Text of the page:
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Analogue and digital signal strength

The strength of an analogue signal is no guide to the strength of a digital signal

The strength of an analogue signal is no guide to the strength
published on UK Free TV

Many people ask why they can receive an OK analogue picture, but need to upgrade their aerial to get Freeview, or sometimes get perfect Freeview reception when the analogue picture is very poor.

The digital signals are currently broadcast at low power (this will change as switchover happens) to prevent interference with the existing analogue signals. Thankfully most Freeview boxes can work with these weak signals. The following list shows the strength of the digital signal compared to the analogue for the 80 Freeview transmitters.

Expr2 Aberdare: 15%
Angus: 2000%
Beacon Hill: 1%
Belmont: 1.43%
Bilsdale: 1.15%
Black Hill: 4%
Blaenplwyf: 1.66%
Bluebell Hill: 8.88%
Bressay: 10%
Brierley Hill: 1.22%
Bristol Kings Weston: 4.5%
Bromsgrove: 1550%
Brougher Mountain: 0.5%
Caldbeck: 0.82%
Caradon Hill: 0.76%
Carmel: 2%
Chatton: 4.16%
Chesterfield: 1.8%
Craigkelly: 2%
Crystal Palace: 2%
Darvel: 2%
Divis: 0.49%
Dover: 1%
Durris: 2%
Eitshal: 0.8%
Emley Moor: 0.93%
Fenham: 1%
Fenton: 0.5%
Guildford: 1%
Hannington: 4%
Hastings: 18.3%
Heathfield: 1.2%
Hemel Hempstead: 2%
Huntshaw Cross: 3.66%
Idle: 2%
Ilchester Crescent: 4%
Keelylang Hill: 1%
Keighley: 0.91%
Kilvey Hill: 3.83%
Knock More: 1%
Lancaster: 1.83%
Lark Stoke: 416.66%
Limavady: 0.8%
Llanddona: 1%
Malvern: 10%
Mendip: 1.83%
Midhurst: 1.25%
Moel-Y-Parc: 0.41%
Nottingham: 1.85%
Olivers Mount: 9.1%
Oxford: 1.6%
Pendle Forest: 18.2%
Plympton: 9.15%
Pontop Pike: 1.93%
Pontypool: 6%
Presely: 0.83%
Redruth: 1.85%
Reigate: 1500%
Ridge Hill: 2%
Rosemarkie: 10%
Rosneath: 2%
Rowridge: 4%
Rumster Forest: 1.33%
Saddleworth: 1.8%
Salisbury: 6.9%
Sandy Heath: 1.83%
Selkirk: 6%
Sheffield: 1%
Stockland Hill: 1%
Storeton: 2550%
Sudbury: 2.01%
Sutton Coldfield: 0.8%
Tacolneston: 2.66%
The Wrekin: 1%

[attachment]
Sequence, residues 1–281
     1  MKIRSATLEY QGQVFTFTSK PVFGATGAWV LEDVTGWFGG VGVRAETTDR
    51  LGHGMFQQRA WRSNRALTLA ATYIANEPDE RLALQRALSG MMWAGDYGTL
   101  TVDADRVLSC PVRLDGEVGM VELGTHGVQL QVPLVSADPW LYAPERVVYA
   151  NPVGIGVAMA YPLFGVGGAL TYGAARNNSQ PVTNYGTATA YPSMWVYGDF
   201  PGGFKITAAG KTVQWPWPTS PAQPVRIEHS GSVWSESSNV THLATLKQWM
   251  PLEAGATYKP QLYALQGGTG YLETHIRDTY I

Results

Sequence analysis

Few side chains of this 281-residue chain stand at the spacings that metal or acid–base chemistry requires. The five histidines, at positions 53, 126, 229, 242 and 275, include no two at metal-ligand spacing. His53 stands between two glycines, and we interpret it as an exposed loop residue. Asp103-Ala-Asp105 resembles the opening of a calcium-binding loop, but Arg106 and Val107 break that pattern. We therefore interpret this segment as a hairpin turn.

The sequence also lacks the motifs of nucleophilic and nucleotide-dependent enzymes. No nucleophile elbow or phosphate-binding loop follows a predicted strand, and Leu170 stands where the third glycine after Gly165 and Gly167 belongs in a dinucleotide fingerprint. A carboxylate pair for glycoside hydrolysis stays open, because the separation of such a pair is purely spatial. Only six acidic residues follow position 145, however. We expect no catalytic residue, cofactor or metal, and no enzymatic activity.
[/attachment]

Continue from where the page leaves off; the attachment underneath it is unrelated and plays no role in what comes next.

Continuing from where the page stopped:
Torosay: 0.62%
Tunbridge Wells: 1%
Waltham: 1.8%
Wenvoe: 1.16%
Whitehawk Hill: 3.67%
Winter Hill: 1.83%





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Comments
Tuesday, 7 January 2014
Dave Lindsay
7:00 PM

susan hudson: The TV Licence permits one to view broadcast programmes and gives no warranties as to availability of signals and no assistance to receive any available signals.

The Public Service Broadcasters, which includes the BBC to which the Licence Fee goes, must ensure that most of the population can receive its services via a terrestrial aerial. There are always spots where reception isn't possible, either because the terrain precludes it or because of another obstruction such as trees.

In your case you are most unfortunate if you cannot receive any digital terrestrial (Freeview) signals particularly if you could pick up the former analogue. Was the analogue poor? I imagine that it might have been affected as the wind blew the trees and probably worse in summer when leaves were on the trees.

There are two main satellite platforms: Sky with its subscription service (although it does offer its own "Freesat from Sky" service) and Freesat. Freesat (not to be confused with "Freesat from Sky") is the satellite equivalent of Freeview - there are some channel differences.

You say you had Sky round to look at putting up a dish. I'm not familiar with Sky but I wonder whether engineers have limits as to what they will do. For example, if in your case it is possible to receive a satellite signal but the dish would need to be mounted on a very long pole above the roof line, would a Sky engineer go to this length? If the answer is "no" then you need an independent rigger who can fit the dish high up.

However, if you've already had a rigger to look at installing a terrestrial aerial and he's said it's not possible, I imagine that he may have also pondered the possibility of satellite reception and come to the same conclusion.

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Dave Lindsay's 5,313 posts Platinum Platinum GB
MikeP
7:51 PM

susan hudson:
As I understand planning law, it not legal to mount a dish so that it is above the line of the highest point of your roof, excluding chimneys. If the roof is a typical ridged design with a row of tiles along the top, the dish may not be above that. So it should not be mounted above that on a long pole that would sway in the wind and give variable reception.
Best to ask you local Council Planning Department for advice on mounting dishes in your location.

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MikeP's 579 posts Gold Gold GB
Wednesday, 8 January 2014
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